In Episode 1, you’ll learn the difference between closed loop growing systems and high CFM growing systems, figure out how to choose the right lighting for any given system or space, and understand the differences between hydroponic and soil growing. You’ll also learn about each of the individual elements that your growing space requires: adequate lighting, reflective walls, suitable water supply, cleanable surfaces, an organizational area for tools, ample growing space, consistent air circulation, and a device to monitor temperature and humidity. Intimidated? Don’t be – let Rory walk you through how to set up a grow.
Episode 2 introduces the steps of successful germination, breaking down the materials you’ll need to turn your seeds into cannabis sprouts. You’ll need a medium for the seeds, a pH testing kit, a TDS pen, a water basin, a seedling tray, a humidity dome, and a seedling heat mat. With your materials assembled, you’ll then learn how to alter the pH in your water supply to achieve stability, how to inspect your seeds and weed out the bad ones prior to planting, and how to ensure that your environment is actively encouraging seedling growth. In a few days, you’ll check back on the seeds to see how you’ve done.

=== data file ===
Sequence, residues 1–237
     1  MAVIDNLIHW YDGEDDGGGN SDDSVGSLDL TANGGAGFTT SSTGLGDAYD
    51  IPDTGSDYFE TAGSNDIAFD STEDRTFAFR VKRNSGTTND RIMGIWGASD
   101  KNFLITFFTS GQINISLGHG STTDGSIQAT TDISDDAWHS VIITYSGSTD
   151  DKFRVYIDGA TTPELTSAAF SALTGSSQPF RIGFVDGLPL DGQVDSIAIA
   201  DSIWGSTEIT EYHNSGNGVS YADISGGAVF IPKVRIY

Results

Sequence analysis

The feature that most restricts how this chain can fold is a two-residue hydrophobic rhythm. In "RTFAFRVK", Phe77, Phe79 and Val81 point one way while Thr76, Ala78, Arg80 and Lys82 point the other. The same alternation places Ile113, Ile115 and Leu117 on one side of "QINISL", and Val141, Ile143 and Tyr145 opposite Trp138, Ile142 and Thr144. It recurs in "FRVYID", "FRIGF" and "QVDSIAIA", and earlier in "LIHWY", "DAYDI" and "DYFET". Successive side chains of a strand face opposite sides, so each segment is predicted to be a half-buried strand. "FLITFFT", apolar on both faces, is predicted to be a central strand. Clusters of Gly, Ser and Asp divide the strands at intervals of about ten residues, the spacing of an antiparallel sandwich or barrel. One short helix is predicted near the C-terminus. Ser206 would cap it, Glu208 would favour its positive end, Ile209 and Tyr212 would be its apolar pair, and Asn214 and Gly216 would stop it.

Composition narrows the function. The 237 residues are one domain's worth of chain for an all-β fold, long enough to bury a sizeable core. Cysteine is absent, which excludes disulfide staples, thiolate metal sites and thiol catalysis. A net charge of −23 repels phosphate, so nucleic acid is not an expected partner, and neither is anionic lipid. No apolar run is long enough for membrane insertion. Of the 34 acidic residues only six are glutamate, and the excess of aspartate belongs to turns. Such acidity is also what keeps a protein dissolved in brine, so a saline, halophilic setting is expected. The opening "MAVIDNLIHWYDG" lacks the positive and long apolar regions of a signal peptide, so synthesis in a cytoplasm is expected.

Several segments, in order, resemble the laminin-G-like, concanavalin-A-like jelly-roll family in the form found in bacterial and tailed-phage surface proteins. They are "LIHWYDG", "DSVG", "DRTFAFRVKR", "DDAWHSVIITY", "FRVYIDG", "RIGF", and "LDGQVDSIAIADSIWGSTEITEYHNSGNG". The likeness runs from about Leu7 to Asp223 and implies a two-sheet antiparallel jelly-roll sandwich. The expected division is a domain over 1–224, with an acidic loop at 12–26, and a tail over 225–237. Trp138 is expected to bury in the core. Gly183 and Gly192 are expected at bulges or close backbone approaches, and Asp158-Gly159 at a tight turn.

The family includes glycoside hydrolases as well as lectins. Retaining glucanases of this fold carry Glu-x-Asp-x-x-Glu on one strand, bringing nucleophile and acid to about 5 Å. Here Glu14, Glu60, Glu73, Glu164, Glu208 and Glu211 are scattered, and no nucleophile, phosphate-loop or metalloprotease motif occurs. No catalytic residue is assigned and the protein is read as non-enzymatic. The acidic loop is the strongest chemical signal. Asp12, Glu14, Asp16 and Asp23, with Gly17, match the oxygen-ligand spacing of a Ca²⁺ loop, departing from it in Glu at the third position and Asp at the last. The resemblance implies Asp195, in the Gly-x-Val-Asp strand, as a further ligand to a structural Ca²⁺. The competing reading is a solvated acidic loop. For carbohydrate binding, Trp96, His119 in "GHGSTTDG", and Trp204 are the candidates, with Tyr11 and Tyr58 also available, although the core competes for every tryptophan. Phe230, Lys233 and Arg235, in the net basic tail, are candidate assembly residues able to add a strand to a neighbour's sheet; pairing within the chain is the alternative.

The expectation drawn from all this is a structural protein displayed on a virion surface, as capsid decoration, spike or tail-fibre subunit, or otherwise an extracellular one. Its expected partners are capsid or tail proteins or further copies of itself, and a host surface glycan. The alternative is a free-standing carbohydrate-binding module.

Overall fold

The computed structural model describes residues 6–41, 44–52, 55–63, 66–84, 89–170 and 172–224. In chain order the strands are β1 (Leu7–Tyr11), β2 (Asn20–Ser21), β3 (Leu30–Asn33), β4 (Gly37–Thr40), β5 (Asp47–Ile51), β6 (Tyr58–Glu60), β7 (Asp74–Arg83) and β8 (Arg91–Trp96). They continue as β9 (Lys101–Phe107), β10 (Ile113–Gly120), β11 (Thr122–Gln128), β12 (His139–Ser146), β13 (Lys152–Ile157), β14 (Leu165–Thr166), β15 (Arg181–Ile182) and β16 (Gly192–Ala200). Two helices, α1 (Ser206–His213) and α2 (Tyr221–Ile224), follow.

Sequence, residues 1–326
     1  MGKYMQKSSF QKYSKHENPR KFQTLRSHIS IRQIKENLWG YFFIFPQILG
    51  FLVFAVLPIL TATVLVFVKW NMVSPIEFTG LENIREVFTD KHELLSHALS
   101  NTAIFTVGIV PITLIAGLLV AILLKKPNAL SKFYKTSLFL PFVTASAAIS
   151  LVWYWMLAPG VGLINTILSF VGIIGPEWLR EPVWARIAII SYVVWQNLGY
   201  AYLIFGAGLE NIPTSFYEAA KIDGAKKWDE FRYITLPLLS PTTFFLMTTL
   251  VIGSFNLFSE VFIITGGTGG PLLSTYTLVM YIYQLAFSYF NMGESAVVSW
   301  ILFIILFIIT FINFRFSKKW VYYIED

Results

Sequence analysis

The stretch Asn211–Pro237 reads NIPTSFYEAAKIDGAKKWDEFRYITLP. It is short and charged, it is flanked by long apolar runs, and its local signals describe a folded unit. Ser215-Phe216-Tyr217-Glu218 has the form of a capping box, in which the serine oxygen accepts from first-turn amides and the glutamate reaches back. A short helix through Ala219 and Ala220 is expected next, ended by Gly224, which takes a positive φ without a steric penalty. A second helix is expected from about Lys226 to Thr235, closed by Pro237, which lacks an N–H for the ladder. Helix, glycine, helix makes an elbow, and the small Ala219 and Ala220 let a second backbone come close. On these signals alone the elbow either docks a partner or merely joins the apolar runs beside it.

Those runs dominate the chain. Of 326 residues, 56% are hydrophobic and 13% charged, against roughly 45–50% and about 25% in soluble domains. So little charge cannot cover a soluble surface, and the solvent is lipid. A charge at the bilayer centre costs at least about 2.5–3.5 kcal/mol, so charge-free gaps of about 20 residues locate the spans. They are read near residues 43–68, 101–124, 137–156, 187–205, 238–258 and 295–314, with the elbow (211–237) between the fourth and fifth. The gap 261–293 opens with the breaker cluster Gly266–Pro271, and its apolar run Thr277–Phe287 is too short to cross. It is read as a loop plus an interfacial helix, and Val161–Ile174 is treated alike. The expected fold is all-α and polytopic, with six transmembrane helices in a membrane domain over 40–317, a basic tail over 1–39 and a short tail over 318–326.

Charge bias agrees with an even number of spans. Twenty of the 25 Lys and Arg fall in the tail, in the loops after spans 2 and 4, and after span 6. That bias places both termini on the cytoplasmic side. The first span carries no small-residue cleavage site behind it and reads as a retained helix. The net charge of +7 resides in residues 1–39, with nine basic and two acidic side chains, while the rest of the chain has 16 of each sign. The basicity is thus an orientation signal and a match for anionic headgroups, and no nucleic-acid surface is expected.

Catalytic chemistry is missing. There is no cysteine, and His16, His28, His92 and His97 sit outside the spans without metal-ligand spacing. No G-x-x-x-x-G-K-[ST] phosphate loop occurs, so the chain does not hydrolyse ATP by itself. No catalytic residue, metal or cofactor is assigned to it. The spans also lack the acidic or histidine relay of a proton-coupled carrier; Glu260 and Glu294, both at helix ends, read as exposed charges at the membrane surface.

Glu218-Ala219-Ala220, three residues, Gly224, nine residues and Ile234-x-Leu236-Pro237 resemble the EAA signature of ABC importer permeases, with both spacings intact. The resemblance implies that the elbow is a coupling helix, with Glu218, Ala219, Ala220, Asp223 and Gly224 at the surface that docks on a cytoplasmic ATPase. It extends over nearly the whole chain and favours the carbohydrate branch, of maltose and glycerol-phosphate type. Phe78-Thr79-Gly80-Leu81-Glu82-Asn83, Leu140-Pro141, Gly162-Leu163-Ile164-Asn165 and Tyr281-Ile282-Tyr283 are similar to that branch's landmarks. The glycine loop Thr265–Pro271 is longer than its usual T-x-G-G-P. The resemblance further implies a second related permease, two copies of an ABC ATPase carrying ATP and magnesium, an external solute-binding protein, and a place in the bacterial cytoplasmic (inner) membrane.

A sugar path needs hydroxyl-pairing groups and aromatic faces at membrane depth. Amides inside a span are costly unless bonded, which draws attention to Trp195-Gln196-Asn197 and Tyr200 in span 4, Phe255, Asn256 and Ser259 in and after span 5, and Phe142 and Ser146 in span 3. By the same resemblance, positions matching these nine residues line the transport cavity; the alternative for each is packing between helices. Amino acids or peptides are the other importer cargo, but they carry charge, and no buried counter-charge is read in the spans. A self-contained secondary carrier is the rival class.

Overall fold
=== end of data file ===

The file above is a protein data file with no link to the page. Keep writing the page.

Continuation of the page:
In the interest of providing a gateway for aspiring growers to plant their first cannabis crops, SuperCloset, which offers a variety of customizable and award-winning grow cabinets, hydroponic systems, and grow rooms to suit DIY growers’ needs, has developed a comprehensive series of instructional videos covering everything you need to know to grow. In these episodes of the Grow Like a SuperPro series, Rory will cover everything you need to know in order to set up your own indoor cannabis garden and make the most of your space as you get your seedlings started.
Episode 1: Choosing Your Setup